2. I once was involved with evaluating the water system at a small mobile home park that was owned by a medical doctor. He was earning about $500k/yr at his “day” job. He lost the park because he couldn’t make payments on the bank note. He truely was struggling to pay the bills every month.

  7. I’ve had public school teacher supporters claim that test scores don’t matter.

    I made a claim that public schools and their employees get paid no matter what. I used as proof how some big spending schools got terrible scores on some standardized tests, and had citations. The immediate response was, “Because test scores are such a great measure of teacher success! It’s been proven it’s not!” I never asked for a citation, but should have. I expect I would have gotten crickets in response had I done that.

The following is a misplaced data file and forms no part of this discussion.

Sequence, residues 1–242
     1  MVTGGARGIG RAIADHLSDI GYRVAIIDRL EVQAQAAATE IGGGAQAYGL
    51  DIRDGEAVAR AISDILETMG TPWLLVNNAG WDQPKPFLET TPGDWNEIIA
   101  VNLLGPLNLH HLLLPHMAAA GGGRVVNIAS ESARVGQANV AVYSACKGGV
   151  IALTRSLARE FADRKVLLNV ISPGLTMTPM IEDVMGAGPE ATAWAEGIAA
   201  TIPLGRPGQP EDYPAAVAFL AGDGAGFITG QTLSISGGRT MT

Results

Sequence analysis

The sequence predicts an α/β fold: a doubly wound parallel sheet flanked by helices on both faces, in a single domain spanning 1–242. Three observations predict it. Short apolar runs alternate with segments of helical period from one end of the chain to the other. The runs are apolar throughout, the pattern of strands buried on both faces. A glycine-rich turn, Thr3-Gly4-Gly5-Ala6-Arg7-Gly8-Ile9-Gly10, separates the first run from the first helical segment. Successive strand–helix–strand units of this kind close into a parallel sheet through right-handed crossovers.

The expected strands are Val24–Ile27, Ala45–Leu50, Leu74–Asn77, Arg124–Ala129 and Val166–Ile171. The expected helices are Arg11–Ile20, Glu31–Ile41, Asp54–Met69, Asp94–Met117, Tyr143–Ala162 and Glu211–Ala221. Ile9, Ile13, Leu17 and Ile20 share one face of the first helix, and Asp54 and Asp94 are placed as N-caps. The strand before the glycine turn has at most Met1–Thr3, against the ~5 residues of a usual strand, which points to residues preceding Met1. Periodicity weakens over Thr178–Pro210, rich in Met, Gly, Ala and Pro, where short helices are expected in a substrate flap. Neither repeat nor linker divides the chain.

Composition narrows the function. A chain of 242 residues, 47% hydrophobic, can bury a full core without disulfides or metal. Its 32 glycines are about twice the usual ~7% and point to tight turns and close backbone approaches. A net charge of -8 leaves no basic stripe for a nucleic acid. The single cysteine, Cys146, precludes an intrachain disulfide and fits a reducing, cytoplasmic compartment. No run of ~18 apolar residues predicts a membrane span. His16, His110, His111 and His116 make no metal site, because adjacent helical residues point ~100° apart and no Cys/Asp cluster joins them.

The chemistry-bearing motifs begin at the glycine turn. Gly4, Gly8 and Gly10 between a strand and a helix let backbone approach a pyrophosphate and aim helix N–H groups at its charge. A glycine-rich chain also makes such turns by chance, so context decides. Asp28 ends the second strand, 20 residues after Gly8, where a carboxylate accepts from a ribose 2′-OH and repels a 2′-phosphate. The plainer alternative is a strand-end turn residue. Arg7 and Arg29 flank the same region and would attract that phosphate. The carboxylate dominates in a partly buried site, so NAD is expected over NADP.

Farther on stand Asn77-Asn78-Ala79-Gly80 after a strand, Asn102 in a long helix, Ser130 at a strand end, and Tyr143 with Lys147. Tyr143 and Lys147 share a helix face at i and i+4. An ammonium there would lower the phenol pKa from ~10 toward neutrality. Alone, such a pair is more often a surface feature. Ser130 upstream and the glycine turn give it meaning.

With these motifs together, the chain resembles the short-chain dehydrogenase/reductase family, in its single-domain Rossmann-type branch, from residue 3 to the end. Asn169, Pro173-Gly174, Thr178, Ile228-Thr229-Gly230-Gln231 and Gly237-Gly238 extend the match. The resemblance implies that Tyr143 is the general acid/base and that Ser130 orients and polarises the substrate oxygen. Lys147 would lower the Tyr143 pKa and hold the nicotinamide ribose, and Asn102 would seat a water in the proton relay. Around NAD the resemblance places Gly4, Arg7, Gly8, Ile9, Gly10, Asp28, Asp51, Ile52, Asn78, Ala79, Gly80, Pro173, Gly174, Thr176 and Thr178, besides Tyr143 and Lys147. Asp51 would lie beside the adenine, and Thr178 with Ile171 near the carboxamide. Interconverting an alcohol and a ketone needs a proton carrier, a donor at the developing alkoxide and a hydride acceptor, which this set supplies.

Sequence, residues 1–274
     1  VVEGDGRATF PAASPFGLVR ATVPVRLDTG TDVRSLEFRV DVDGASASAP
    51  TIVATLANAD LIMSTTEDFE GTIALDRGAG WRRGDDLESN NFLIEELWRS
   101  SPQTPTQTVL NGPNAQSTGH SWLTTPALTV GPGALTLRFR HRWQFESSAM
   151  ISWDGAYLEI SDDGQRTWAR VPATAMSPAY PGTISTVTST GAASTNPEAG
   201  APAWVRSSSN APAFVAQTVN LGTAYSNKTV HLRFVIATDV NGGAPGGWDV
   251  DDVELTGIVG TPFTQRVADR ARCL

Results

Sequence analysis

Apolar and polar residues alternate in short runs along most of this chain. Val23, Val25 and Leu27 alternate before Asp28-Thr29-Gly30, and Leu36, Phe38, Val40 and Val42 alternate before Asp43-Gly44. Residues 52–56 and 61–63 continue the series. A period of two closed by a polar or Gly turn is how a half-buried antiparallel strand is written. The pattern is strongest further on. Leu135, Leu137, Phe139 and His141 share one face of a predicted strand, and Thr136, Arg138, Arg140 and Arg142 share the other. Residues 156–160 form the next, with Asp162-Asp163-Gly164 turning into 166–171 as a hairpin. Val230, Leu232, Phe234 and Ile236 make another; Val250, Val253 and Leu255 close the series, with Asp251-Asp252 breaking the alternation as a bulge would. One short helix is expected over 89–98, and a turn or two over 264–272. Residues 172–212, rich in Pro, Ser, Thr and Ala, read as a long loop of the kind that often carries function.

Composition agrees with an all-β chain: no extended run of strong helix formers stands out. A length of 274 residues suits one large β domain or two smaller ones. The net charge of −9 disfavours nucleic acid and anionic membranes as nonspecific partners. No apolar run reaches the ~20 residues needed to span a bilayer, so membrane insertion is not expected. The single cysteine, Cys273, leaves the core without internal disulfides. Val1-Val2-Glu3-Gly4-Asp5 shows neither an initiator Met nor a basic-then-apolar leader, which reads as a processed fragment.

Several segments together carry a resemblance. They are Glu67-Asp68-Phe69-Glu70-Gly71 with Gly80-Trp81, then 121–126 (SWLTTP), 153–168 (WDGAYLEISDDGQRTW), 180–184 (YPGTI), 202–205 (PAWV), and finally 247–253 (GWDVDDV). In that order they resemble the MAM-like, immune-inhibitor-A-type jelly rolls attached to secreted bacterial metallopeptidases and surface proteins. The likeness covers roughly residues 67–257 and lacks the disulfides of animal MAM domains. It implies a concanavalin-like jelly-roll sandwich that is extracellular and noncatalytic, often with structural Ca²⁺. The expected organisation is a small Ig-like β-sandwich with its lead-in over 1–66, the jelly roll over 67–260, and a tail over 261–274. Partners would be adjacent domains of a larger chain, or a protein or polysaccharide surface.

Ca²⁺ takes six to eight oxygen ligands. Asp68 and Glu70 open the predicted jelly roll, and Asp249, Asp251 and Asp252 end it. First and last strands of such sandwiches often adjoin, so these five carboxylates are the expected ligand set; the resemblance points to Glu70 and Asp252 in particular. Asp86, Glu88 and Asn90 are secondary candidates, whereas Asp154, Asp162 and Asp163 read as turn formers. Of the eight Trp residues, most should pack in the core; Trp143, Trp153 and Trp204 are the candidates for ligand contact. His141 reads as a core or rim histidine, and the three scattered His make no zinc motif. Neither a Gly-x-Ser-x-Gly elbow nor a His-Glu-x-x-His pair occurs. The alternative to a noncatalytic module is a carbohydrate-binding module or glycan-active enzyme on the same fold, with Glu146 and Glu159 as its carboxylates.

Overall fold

I did point out that all he was doing was making excuses for teachers failing to teach. All of his responses from then on out were more excuses for teachers that fail to teach students, and that those teachers really aren’t failing to teach students. Right, so teachers can’t be held to standards, and so get paid no matter what.

  8. My wife had some Hallmark or Lifetime movie on the other day, and one of the characters was complaining how he and his wife were just getting by..on two teacher’s salaries. The tone implied somehow that two salaries was twice as bad as one teacher’s salary. Thus the power of TV to perpetuate Myths (the penurious Teacher, the heroic cop, the noble farmer) and you can’t fight the Myth.